took place between the two sides near Imbaba in Cairo.
The Mamluks were defeated, while those who survived from the battle
defected the country including both Murad Bey and Ibrahim Bey who
carried their treasures and hastily left Egypt.
(1798 - 1801 AD)
The eighth century saw an Anglo-French race over trade. The race
developed to be a strife over strongholds in the world. The French,
who realized the strategic importance of Egypt, decided to invade
In July 1798, a French fleet headed by Napoleon
Bonaparte landed in Abu
Kir Bay in Alexandria.
The French troops then marched inland and met the Mamluks in a battle
near Cairo. Both the Mamluks and the population showed some resistance
but couldn't really do any progress facing sophisticated French
weapons that they never saw.
Eventually Cairo fell to the French troops in July. Meanwhile, the
British fleet was chasing the French fleet to Abu Kir. In August
of the same year, British Admiral Nelson sank the French fleet.
In Cairo, Napoleon set about running the country, sending for sheikhs
of the city and informing them of his arrangements.
He also began taking over the strategic buildings like the citadel
and start to impose taxes.
Napoleon's interference in the internal affairs of Egyptians stimulated
them to revolt. Their rebellion was brutally suppressed by Napoleon's
forces. French troops set up cannons in the citadel
and began firing at Cairo. Furthermore, French cavalries entered
mosque and killed a number of people inside. The move was grave
since the mosque is one of the most sacred places for Moslems and
foreigners were not welcomed inside.
On the other hand, Napoleon encouraged scientific researches. He
opened centers like Institut d'Egypte and the French Academy to
make an exhaustive record on Egypt. Scholars who accompanied the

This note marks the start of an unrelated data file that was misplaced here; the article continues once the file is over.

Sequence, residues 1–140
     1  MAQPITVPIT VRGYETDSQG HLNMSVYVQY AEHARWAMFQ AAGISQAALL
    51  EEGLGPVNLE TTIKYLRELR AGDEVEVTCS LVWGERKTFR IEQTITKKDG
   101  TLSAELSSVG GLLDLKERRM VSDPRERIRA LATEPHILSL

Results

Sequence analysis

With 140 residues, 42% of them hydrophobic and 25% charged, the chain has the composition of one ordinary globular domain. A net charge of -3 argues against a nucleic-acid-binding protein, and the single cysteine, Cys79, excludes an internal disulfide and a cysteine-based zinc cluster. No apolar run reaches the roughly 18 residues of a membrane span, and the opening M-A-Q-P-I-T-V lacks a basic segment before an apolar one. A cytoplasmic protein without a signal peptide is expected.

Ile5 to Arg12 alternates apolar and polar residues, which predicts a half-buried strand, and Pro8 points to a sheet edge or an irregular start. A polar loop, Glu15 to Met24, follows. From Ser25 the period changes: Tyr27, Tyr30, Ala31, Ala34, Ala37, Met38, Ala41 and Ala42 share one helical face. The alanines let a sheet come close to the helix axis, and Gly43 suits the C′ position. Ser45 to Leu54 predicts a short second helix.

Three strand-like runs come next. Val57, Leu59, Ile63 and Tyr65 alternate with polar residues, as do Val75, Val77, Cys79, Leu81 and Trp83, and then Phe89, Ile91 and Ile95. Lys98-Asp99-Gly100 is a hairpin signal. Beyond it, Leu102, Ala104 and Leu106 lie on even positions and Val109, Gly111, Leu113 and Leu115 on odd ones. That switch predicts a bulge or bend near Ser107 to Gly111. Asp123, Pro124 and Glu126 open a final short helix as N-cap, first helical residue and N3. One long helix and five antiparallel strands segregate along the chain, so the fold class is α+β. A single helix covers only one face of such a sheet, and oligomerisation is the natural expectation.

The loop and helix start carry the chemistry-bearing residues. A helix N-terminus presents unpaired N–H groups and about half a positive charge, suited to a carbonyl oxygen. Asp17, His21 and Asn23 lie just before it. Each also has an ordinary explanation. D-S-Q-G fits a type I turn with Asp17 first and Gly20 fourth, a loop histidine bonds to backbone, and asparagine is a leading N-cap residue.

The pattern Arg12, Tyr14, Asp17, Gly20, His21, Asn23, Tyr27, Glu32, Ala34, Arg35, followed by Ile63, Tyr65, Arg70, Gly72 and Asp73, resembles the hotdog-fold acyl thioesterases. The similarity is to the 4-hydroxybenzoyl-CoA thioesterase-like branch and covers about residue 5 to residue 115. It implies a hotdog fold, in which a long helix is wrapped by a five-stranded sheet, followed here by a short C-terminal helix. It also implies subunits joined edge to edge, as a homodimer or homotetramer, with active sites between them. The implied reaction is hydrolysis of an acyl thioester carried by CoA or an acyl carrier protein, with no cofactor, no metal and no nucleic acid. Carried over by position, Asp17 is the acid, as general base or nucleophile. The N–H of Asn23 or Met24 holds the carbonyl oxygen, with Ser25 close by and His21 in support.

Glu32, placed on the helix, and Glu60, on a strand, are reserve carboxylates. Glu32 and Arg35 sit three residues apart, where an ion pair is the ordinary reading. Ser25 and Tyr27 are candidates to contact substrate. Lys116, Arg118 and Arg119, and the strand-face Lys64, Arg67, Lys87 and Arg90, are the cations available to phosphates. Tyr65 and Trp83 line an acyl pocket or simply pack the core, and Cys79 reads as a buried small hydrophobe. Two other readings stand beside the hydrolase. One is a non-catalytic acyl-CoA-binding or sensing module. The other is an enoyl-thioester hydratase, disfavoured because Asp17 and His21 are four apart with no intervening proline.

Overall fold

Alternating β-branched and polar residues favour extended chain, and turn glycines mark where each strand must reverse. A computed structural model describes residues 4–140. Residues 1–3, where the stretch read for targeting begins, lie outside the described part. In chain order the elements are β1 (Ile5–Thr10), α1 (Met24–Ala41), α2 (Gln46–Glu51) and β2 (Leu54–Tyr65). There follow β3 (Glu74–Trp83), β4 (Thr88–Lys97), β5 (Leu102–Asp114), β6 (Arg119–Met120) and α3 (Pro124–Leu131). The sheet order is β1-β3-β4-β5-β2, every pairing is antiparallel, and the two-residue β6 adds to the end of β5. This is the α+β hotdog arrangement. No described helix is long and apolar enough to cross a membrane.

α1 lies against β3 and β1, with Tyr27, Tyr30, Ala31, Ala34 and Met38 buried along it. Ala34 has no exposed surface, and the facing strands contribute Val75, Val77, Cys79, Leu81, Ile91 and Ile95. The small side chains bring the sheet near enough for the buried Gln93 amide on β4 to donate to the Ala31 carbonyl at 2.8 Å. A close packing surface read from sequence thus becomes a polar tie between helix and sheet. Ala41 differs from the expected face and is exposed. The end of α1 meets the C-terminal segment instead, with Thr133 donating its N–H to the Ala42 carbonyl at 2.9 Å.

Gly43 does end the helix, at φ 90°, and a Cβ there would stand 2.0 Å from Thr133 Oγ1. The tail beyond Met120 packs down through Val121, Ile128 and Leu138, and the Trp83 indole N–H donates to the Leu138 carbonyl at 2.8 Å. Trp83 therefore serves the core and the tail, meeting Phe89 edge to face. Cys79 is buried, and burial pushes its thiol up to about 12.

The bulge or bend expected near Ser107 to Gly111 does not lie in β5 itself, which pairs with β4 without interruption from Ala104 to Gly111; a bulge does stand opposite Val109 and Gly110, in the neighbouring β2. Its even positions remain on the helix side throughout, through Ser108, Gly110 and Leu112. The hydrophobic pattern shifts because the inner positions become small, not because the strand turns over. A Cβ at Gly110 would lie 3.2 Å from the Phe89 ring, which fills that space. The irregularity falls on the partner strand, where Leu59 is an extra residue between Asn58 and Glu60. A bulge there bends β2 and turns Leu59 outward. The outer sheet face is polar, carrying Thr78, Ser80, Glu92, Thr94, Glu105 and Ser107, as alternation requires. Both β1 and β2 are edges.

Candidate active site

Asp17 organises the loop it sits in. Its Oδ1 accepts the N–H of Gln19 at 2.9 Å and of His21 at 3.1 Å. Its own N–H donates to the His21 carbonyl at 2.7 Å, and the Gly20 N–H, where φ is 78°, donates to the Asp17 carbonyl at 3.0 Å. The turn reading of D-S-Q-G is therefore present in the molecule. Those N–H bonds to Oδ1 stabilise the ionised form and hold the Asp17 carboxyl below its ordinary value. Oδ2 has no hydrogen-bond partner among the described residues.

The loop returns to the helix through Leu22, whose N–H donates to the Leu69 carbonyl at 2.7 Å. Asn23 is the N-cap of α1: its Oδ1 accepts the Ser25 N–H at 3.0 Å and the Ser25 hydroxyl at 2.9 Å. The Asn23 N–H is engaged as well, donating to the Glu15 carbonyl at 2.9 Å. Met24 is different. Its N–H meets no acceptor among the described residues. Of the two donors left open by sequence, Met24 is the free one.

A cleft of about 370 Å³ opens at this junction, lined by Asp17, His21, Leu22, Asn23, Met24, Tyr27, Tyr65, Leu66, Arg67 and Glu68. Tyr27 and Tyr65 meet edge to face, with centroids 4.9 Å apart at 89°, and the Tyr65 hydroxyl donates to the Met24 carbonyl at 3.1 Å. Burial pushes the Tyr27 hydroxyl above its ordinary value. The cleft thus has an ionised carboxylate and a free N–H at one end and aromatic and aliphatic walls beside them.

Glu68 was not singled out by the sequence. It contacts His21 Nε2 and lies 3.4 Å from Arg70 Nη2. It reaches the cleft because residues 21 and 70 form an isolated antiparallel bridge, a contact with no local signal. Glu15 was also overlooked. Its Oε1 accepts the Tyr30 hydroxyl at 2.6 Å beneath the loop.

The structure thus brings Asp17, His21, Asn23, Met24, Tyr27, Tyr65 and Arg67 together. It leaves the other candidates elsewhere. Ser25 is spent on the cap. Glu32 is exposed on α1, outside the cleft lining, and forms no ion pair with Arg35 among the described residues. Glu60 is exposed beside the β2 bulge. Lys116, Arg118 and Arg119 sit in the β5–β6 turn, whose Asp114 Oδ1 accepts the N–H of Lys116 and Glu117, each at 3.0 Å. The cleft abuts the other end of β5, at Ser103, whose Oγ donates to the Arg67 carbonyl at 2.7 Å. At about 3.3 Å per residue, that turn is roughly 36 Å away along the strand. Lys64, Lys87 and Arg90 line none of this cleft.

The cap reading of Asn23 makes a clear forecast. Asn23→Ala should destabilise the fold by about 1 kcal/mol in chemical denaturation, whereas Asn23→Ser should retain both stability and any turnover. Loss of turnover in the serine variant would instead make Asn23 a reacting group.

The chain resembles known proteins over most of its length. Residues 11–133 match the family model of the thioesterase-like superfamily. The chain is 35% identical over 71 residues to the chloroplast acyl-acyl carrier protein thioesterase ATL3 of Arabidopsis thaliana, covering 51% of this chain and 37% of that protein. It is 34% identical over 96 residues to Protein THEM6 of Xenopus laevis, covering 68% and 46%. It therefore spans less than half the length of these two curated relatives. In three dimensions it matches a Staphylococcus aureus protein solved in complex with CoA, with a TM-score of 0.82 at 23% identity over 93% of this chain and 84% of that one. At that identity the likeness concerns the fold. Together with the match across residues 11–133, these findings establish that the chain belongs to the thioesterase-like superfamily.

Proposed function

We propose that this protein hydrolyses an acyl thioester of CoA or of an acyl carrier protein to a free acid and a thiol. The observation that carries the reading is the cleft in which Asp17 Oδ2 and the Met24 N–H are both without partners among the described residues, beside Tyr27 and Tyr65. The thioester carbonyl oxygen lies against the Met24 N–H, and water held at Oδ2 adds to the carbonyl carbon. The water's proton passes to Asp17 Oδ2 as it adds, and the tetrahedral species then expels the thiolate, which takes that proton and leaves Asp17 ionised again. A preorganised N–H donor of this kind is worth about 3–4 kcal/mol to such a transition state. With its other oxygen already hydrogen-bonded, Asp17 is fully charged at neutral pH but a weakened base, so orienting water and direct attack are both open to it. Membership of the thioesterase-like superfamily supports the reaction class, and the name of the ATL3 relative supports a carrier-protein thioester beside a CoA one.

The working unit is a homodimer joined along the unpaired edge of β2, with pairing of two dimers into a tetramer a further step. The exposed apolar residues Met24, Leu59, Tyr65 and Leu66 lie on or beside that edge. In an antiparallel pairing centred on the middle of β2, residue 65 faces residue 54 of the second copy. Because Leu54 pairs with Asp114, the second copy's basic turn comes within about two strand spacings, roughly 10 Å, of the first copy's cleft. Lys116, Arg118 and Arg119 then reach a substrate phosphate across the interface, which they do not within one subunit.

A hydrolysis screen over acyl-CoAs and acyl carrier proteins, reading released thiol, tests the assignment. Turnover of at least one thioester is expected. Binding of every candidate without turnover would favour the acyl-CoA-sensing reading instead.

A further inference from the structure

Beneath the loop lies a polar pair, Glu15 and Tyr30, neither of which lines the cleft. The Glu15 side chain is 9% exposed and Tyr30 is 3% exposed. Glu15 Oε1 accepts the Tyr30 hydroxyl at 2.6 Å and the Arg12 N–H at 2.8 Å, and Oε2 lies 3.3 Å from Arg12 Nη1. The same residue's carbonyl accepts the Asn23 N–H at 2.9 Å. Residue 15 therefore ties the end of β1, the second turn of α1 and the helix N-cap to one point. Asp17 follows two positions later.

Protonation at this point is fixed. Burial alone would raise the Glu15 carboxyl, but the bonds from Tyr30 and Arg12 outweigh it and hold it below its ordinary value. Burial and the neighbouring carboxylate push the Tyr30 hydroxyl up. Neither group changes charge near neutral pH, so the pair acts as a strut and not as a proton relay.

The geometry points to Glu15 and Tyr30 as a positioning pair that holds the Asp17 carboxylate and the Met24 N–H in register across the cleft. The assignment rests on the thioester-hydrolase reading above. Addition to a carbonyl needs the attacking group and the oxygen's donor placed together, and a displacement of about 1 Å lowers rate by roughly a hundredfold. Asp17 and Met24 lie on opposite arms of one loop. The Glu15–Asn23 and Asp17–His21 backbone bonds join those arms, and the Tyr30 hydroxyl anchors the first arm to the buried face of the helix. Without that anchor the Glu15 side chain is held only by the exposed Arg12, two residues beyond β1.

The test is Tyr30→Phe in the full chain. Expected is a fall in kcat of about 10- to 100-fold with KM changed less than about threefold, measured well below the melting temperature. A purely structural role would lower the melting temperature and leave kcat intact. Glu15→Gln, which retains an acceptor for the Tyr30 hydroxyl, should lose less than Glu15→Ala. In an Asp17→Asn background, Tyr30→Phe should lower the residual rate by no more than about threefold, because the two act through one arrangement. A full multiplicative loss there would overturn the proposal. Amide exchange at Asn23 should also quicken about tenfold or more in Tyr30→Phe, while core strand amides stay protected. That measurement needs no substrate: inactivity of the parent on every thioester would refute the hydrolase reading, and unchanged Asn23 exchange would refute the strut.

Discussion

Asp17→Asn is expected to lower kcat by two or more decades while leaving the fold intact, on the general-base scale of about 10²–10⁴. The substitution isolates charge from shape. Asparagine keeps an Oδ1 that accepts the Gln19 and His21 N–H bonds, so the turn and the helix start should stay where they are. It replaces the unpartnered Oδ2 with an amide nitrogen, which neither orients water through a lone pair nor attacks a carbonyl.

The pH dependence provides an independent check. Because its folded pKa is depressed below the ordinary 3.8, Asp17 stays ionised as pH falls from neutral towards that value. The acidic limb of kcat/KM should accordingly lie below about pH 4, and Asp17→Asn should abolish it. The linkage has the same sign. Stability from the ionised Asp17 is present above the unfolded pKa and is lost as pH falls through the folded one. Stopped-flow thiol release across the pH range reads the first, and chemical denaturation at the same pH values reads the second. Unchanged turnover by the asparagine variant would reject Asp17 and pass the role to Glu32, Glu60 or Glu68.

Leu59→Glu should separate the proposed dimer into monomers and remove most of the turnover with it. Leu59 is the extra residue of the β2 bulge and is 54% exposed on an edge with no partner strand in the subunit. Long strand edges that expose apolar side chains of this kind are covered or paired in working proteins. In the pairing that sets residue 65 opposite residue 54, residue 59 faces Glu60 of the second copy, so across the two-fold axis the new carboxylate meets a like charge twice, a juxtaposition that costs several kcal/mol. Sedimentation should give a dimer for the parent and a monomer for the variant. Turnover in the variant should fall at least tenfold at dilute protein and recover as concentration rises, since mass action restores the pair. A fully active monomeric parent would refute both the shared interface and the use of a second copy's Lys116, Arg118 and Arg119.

expedition started the massive work that covered different themes
of Egypt and was later published as volumes of Description de l'Egypte.
Napoleon wanted to expand his conquest, so he marched to Gaza in
1799 and the east but stopped at Acre.
The Ottoman army, helped by the British, defeated the French forces
that was also stricken and decimated by a plague.
The Ottomans also attempted to attack Egypt at Abu Kir but were
turned back by the French troops.
Napoleon finally left back to France and turned over the command
in Egypt to General Kléber. General Kléber realized
he could not withstand Ottomans and the British troops.
In 1800, he began negotiating with the British and he finally signed
on an agreement to evacuate the country.
Kléber had no choice but to agree on such a deal. He was
trapped as supplies received from France were cut and he had no
idea how to leave the country. The resentment of the population
worsened his position.
The same year, Kléber was assassinated by Seliman Al-Halabi
(the Aleppan), a Syrian who was later executed. He was succeeded
by General Jacque Menou.
In March 1801, an Anglo-Ottoman combined
forces landed in Egypt to force the evacuation of the French troops,
which finally capitulated and accepted the terms of their enemies.
By October, all French troops evacuated and only the Ottoman troops
were left with nominal control over Egypt.